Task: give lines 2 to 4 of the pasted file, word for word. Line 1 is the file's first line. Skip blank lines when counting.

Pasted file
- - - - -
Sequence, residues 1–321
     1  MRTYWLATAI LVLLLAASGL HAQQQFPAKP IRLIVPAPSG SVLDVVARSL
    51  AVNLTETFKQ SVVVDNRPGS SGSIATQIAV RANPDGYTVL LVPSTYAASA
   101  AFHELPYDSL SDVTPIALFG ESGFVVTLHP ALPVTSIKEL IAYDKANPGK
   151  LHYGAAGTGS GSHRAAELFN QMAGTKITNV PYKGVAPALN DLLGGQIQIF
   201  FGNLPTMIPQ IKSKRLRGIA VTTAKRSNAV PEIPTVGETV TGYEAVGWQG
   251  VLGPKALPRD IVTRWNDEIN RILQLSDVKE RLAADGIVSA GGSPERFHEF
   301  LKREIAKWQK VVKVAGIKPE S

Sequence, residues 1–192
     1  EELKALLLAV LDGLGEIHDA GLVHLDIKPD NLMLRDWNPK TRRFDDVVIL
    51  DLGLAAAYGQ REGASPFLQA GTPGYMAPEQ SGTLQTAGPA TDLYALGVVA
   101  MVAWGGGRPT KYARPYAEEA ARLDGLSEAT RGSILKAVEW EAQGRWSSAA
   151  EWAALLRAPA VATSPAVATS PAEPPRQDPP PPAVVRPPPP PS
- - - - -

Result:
     1  MRTYWLATAI LVLLLAASGL HAQQQFPAKP IRLIVPAPSG SVLDVVARSL
    51  AVNLTETFKQ SVVVDNRPGS SGSIATQIAV RANPDGYTVL LVPSTYAASA
   101  AFHELPYDSL SDVTPIALFG ESGFVVTLHP ALPVTSIKEL IAYDKANPGK